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Sunday, August 31, 2008

Shutting Down the Coast

Gustav looks to be gunning for Louisiana. Beaumont/Port Arthur (Texas), which is a stone's throw from the Louisiana border and where Greg works, is also in the danger zone. They've been ordered to close all businesses there.

This time around Greg gets to shut down his plant, rather than stay for the duration like last time. That's good. It means he'll come up to me in north Texas sooner.

Shutting a chemical plant down is not as easy as turning off a switch, though I do kid him that all he has to do is turn off the lights. Generally, a plant shutdown requires a minimum of 24 hours, especially when you work with dangerous chemicals.

Everything has to be secured and put into safety mode should the brunt of the storm hit the plant. When you consider that the entire Texas coast is lined with petro-chemical plants, you can only imagine the logistics involved.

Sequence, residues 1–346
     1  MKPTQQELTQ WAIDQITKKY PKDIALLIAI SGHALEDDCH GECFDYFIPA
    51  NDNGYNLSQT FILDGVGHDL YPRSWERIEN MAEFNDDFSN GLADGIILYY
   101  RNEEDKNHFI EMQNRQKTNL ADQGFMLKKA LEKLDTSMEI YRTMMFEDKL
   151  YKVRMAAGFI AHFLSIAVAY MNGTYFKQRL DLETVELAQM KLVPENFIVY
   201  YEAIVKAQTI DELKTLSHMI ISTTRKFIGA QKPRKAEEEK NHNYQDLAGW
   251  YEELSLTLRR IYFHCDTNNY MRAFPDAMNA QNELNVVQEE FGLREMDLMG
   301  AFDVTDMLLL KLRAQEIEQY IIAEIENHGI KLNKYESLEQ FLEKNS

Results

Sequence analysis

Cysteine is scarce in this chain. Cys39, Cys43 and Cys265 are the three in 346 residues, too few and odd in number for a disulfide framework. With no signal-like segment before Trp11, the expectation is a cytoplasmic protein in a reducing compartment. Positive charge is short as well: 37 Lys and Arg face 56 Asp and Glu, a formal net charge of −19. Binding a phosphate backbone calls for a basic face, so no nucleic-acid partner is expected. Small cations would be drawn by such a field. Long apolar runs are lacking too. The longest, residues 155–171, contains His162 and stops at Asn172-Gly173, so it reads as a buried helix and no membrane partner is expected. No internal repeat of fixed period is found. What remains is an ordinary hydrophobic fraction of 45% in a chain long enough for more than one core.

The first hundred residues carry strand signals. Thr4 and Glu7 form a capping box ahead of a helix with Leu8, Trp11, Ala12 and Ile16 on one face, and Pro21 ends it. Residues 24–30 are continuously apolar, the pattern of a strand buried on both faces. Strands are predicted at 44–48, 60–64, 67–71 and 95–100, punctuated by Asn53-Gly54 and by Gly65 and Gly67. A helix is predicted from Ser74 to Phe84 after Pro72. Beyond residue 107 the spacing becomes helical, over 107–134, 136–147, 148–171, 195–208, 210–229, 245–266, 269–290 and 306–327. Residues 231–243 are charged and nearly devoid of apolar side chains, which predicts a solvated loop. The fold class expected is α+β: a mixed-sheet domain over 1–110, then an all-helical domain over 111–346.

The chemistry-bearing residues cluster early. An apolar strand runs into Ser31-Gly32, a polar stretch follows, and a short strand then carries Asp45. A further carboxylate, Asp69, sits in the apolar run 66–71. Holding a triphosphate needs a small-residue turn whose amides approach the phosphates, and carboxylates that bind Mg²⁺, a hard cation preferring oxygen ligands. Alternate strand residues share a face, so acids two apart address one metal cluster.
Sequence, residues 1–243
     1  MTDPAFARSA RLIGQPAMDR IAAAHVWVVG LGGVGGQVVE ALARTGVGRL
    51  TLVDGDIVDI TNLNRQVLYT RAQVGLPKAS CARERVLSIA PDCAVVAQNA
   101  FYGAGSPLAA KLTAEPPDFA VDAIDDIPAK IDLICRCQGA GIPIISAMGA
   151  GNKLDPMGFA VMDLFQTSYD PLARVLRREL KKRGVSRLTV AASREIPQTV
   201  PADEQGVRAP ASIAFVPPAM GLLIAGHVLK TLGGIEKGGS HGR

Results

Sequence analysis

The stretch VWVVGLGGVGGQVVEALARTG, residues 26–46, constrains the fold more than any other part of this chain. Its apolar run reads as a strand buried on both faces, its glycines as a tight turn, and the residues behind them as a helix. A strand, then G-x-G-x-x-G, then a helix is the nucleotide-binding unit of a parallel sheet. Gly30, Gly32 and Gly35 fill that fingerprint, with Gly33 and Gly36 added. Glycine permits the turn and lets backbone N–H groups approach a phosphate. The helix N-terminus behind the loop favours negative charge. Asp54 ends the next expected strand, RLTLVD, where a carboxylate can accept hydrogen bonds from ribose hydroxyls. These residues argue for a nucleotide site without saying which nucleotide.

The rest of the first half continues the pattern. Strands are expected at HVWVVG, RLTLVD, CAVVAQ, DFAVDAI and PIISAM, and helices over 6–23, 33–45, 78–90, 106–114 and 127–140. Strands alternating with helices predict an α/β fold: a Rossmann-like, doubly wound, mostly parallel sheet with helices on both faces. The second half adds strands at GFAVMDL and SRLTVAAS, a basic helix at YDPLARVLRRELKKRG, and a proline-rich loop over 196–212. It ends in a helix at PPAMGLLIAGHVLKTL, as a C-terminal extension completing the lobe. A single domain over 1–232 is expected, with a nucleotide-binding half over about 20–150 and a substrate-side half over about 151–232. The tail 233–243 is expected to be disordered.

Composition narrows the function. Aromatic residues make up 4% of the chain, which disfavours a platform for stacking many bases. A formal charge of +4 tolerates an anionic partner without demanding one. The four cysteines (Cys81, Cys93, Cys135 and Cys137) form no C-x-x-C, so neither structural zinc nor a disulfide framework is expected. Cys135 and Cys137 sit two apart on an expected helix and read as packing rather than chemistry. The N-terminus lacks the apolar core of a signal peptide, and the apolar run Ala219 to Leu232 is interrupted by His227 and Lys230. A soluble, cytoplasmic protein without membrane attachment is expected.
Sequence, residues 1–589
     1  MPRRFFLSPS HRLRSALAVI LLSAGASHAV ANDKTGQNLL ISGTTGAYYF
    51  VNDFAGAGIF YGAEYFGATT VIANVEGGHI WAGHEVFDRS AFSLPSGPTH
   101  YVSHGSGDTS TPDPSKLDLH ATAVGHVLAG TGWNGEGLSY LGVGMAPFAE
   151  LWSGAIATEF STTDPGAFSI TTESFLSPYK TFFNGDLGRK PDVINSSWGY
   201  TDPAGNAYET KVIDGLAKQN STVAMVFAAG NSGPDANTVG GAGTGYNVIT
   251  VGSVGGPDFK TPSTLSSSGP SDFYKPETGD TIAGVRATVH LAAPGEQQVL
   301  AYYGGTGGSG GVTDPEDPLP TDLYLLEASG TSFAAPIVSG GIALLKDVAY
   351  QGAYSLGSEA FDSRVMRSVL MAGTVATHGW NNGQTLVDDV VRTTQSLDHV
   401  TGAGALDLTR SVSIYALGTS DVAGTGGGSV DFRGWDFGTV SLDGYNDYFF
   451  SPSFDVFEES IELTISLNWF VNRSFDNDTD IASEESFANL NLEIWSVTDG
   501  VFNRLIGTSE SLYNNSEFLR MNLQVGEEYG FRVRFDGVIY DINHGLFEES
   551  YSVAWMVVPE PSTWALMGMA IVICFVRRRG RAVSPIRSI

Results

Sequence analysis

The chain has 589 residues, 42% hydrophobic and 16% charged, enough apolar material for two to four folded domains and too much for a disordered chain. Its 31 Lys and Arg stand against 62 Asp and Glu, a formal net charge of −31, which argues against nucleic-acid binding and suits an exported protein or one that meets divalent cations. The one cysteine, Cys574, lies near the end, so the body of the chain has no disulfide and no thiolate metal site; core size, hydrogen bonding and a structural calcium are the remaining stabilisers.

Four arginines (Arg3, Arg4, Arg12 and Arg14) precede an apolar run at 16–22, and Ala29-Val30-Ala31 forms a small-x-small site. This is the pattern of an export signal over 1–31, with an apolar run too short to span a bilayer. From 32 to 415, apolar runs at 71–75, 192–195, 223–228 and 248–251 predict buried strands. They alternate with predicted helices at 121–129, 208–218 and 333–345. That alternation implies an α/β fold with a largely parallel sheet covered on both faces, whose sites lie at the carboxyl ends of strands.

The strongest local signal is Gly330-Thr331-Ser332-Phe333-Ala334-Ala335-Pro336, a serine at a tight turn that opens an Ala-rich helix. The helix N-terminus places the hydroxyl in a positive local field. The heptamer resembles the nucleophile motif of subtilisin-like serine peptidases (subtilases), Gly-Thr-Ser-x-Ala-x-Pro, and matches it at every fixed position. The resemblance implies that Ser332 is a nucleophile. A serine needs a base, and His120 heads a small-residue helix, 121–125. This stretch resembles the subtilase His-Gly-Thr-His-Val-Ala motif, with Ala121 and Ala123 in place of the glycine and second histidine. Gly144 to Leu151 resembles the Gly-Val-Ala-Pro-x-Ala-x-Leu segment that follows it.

So far, poor Greg has been up for 24 hours. He's been at the plant since midday yesterday. He hopes to put the plant to bed by this afternoon, then he'll go home and sleep for a few hours before trying to make his way to me. All in a day's work for him. There's a reason they put him in charge.

Back in la-la land, the news media is having a field day. As usual, they are embellishing where they can to make the story more horrifying. They are paying particular attention to New Orleans.

Let me set the record straight here. Hurricane Katrina did NOT hit New Orleans. Go here to see the actual path of the hurricane. If you put your mouse over each colored circle it will give you the strength and timeline of the storm.

The media bends everything to fit its agenda. It's disgusting. I was grateful to be spared the media frenzy when Hurricane Rita hit. We were oblivious to all the hoopla, mostly because we were in the middle of the hoopla and too busy unearthing our house from debris to care what some NY suit thinks happened.